Hugs to you, and don't forget to ask questions as there are lots of people who will suggest things which may or may not help. It's all a bit trial and error but worth knowing things if you come unstuck.

    Marie x

  • Thank you so much, Marie. I have noted the drug.

    I did mention a suction pump to the Parkinson's Nurse some time ago, but she said she had never heard of it.

    What a terrible time you have had. I pray that B will just slip away, but at the same time, I never want it to happen.

    Thank you for the hug. I need it. I had a "funny turn" when driving B to the hospice today.I felt it coming on and parked up. It left me upset because it had worried B and also made me worry that I may have to stop driving. However, when I got back into the car later, I realised that despite the temperature being 23 outside, I had got the heating on full and had been wearing a fleece and a padded coat !!

    Sending you a big hug too. Rx

  • Oh dear! Glad it was probably the heating and the warm clothes. Maybe you should go to the doctor to check though? It would be awful if something happened to you.

    By the way if the worse came to the worse B can go to the Hospice in an Ambulance same with hospital appointments. That's how Garry got there as I don't drive. You tell the Hospice you need an Ambulance and they will book it for him.

    So glad I sent that hug! Take care of yourself. You are so important to B and to us too.

    Lots of love and another BIG hug!

    Marie x

  • Thanks Marie. I have had various tests and the conclusion is that I have, " Reflex Syncope" , which means that my blood pressure suddenly plummets. As long as it doesn't happen when sitting or lying down, I can still drive. When it happened, I was sitting, that is why I was so worried. The episode was unlike the others, so I I am hopeful that it was due to the heat.

    I only drive short journeys now, which means that we don't go and visit my 95 year old mother as we used to, so that's a worry too. She has good neighbours and we speak most days. She lives 40 minutes drive away. My daughter's husband kindly picks her up and takes her home when they come up from the south.

    So oo many things to think about! X

  • Good luck friend surely with the doctor as a witness to your husbands condition, CHC will be pretty easily convinced of your needs.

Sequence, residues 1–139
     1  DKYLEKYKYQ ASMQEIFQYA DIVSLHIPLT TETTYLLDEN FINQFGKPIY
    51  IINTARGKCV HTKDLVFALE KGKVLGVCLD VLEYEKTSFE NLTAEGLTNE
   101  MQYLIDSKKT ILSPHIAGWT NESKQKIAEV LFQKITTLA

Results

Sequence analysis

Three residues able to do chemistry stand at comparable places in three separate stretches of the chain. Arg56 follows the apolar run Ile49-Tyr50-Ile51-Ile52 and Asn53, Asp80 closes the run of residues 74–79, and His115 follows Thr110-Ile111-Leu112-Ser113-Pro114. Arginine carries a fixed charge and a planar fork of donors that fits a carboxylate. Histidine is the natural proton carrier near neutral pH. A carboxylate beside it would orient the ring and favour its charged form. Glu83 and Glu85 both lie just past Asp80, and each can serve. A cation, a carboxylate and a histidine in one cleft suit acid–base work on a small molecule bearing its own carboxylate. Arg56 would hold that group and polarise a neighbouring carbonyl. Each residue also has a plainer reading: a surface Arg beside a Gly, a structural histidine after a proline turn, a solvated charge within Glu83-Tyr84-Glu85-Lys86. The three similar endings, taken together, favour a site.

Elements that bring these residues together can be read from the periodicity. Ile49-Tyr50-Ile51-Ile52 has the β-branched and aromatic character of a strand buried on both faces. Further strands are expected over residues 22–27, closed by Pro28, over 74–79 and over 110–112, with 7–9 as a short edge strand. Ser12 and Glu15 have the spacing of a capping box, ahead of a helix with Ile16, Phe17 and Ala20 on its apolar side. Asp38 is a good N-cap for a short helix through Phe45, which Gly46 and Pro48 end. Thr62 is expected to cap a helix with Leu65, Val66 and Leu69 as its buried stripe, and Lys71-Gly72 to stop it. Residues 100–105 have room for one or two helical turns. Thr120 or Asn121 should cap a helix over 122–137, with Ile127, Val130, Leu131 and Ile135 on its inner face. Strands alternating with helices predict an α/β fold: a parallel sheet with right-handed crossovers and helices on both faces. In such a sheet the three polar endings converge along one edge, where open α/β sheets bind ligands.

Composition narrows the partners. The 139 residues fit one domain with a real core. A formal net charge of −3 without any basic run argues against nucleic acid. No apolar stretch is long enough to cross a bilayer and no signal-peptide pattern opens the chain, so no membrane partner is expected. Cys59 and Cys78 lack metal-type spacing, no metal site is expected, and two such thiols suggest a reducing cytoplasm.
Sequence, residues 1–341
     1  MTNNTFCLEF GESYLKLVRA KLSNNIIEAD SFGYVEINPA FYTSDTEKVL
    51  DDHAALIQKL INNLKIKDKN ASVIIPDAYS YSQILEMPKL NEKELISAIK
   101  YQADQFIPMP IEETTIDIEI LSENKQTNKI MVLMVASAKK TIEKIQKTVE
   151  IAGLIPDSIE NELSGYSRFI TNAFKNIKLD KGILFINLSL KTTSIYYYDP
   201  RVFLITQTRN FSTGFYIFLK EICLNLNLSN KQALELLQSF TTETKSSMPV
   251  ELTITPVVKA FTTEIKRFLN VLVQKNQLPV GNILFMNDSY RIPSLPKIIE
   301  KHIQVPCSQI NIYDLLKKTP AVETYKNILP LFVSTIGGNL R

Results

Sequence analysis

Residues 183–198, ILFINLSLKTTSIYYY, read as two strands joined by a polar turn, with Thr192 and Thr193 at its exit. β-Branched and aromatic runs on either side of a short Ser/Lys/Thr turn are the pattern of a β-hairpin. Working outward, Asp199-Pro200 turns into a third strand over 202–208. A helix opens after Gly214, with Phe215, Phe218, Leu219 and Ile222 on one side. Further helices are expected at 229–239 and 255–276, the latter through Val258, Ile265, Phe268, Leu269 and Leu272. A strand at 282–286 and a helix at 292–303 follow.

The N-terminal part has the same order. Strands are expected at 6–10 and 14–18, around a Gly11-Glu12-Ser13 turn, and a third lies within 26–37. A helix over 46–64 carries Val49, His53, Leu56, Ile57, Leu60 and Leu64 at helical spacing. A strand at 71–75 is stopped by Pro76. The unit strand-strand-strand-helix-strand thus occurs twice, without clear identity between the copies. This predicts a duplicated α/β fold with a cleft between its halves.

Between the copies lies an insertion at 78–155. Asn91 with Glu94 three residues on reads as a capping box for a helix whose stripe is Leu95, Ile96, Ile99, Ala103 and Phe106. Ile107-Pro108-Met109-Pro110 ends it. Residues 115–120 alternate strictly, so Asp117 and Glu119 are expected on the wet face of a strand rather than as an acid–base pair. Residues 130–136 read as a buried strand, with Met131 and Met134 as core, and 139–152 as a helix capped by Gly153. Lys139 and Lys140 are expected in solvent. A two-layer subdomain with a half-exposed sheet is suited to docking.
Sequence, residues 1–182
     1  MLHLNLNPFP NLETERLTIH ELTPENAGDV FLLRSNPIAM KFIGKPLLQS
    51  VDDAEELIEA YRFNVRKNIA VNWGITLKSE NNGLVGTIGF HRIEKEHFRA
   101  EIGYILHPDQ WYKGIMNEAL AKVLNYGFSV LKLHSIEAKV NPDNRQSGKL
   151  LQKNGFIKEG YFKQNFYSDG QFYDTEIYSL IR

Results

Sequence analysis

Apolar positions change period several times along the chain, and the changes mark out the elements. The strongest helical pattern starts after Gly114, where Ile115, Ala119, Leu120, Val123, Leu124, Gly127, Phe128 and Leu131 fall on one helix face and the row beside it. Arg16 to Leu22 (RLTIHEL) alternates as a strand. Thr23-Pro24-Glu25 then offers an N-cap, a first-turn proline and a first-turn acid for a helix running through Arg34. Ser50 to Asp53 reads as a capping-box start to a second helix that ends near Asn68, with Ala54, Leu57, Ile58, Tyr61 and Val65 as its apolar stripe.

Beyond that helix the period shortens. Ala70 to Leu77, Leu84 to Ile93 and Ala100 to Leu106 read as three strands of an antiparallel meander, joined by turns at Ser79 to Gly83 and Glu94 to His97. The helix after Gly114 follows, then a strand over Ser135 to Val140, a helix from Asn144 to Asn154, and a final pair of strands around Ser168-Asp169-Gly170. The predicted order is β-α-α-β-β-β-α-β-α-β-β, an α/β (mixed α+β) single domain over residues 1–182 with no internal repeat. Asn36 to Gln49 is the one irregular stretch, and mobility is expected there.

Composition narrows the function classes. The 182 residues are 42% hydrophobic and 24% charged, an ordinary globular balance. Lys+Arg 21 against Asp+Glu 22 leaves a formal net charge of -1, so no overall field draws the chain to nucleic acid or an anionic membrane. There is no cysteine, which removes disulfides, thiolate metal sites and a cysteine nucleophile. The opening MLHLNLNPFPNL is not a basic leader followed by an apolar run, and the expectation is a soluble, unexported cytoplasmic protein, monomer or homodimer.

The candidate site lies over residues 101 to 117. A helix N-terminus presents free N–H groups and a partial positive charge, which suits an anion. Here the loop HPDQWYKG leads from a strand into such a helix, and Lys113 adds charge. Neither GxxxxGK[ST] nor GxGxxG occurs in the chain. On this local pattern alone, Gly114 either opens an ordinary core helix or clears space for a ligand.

• Thank you, abirke, I certainly hope so! X

  • Hi mum had same reaction to hyoscine patch, they even cut it in half and she was still the same. She now has a liquid called glcopyrolate which dried up her saliva with no hallucinations xx

  • Didn't work for us

  • Thank you, Richmond. I think I will talk to the doctor about the suggestion that you have made. X

  • Hi Robbo1

    Rather than going straight to the doctor first try your local pharmacist explain the condition and how you are trying to control saliva and the bad reactions to atropine and hyoscine, the pharmacist is trained to look for side effects before giving the dose so would have been able to warn against the side effects, luckily ours did and suggested cutting the hyocine patch in half so M's reaction though severe was only for short time yes over night but she recovered in the next morning. The pharmacist may be able to suggest alternatives such as Glycopyrronium and other alternative drugs that do not cross the blood/brain barrier and discuss it with your dr so a prescription can be sorted.

    Hope the find something, best wishes for more restful night, Tim

  • Tim that is sensible!! Good to have you back. It is always the easy things that give the most benefit?

    How are you doing? Bet you have been enjoying this sunny weather in your area?

    Tomorrow they say it will change though.

    Marie x

  • Thank you Tim. That is useful advice. X

  • Just realised what you said about the Parkinson's nurse! My experience of the one Garry had was she was worse than useless! Ask at the Hospice what would they advise?

    Marie x

  • Thanks Marie. Where would I be, without the wisdom of the people on this site! X